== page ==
Chronic subdural hematoma (CSDH) is one of the most common neurosurgical diseases. The incidence in the general population is 5/100,000/year and is more common in aged population, i.e., 70 years and older with an incidence of 58/100,000.[1] Surgical treatment is mainly considered for treatment with burr hole, twist drill, and craniotomy as the preferred procedures.[2],[3] The incidence of CSDH is gradually increasing as a result of aging population and associated medical conditions like patients on hemodialysis/antiplatelets and anticoagulants. Studies have been done regarding the use of drain or no drain in these procedures.[4],[5] Few studies have compared the site of drain in CSDH. The present study is done to evaluate the role of site of drain placement in CSDH.


  Materials and Methods Top


Patients were assigned by simple random sampling in two groups. The study was conducted from February 2016 to July 2017. A total of 70 patients were enrolled in the study and were divided in two groups (Group 1 – subgaleal drain; Group 2 – subdural drain). The study was a prospective study. Appropriate institutional ethics committee clearance and patients' consent were obtained. Patients were investigated using computed tomography scan (CT scan). Patients with CSDH having mass effect/worsening condition despite optimal conservative management were included in the study. Patients in whom intraoperative conditions warranted a craniotomy or in whom subdural drain insertion was not feasible were excluded from the study. Statistical analysis was done using Chi-square and t-test. The outcome was assessed at the end of hospital stay by modified Rankin scale (mRS). Postoperative CT scan was done after 24 h of surgery. The number of burr holes was based on surgeon's discretion. Subdural hematoma (SDH) cavity was irrigated copiously with normal saline until clear return came out.

Placement of drain

Group I – The subgaleal space was dissected widely using a blunt dissector and a subgaleal drain was placed. The end of drain was kept away from the burr hole site to avoid any accidental slippage of the tube into the subdural cavity [Figure 1].[6]
Figure 1: Diagram showing placement of subgaleal drain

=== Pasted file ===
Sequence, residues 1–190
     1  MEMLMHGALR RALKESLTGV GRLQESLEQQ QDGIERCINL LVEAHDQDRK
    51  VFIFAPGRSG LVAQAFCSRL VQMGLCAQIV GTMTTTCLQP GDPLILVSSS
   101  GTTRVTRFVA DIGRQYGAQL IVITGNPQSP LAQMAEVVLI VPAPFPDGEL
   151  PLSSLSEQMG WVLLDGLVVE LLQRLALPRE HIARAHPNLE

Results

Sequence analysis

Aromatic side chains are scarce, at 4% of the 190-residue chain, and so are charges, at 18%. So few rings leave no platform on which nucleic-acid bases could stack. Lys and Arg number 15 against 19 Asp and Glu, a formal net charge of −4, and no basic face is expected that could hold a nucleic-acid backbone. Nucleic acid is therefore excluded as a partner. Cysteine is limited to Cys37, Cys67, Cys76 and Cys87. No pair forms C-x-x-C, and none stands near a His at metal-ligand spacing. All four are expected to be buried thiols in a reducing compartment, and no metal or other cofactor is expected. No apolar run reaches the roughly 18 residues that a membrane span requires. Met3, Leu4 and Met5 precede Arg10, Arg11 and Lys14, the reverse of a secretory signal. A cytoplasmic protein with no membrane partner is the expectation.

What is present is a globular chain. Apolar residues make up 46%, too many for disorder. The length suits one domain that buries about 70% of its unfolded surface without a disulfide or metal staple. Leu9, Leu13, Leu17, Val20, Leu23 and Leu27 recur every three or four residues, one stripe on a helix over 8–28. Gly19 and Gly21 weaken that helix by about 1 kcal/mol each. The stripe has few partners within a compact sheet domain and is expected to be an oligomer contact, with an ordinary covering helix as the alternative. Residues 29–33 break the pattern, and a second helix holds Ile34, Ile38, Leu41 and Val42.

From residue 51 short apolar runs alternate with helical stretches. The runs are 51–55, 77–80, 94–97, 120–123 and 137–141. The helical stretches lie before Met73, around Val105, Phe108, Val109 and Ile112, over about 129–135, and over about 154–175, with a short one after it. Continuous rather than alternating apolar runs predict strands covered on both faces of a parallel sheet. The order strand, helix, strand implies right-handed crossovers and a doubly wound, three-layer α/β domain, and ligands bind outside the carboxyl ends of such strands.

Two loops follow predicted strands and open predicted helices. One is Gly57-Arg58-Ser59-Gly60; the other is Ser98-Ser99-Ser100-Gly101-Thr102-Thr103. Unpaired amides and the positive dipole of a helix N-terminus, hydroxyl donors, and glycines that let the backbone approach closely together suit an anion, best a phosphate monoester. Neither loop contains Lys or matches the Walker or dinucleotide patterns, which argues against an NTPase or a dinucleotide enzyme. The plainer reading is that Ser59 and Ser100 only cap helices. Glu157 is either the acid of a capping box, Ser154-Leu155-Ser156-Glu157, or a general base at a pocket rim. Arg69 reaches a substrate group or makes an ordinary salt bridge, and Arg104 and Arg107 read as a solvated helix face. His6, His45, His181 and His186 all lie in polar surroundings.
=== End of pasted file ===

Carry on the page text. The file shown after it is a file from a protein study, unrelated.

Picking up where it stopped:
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Group II – The subdural drain was placed in subdural space.

Romovac suction drain (Romson) was used. The drains were taken out from about 5 cm away from scalp incision. The incision was closed in two layers. The drain was connected to a soft collection bag that was kept in a dependent position. Negative pressure was not applied.


  Results Top


Seventy patients were enrolled in the study; 35 patients each were enrolled in Group I (with subgaleal drain) and in Group II (with subdural drain).

The common clinical symptoms were headache and hemiparesis. Vomiting is seen in ten patients. Dementia and incontinence were other features. Most of the patients had Glasgow Coma Scale (GCS) 10–15. Sixty-four patients had unilateral SDH and 6 patients had bilateral SDH. Single burr hole was made in 31 patients in Group I and 27 patients in Group II. Double burr holes were made in 2 patients in Group I and 4 patients in Group II. Bilateral burr holes were made in 6 patients. The mean volume was 122.63 mL in Group I and 119.86 ml in Group II. Midline shift in Group I was 6.44 mm and 6.3 mm in Group II. Complications were seen in both the groups. Pneumocephalus was the most common complication which was seen equally in both the groups. Seizures were seen only in subdural group (five patients), while no patient in subgaleal group had seizures. Redo surgery was done in one patient in subgaleal drain group (Group I). Two patients in Group II and one patient in Group I developed intracerebral hematoma (ICH). The difference of seizures in both the groups was found to be significant. The two groups were comparable with regard to age/preoperative GCS/sex/preoperative hematoma volume/preoperative midline shift/residual hematoma/postoperative pneumocephalus [Table 1] and [Table 2].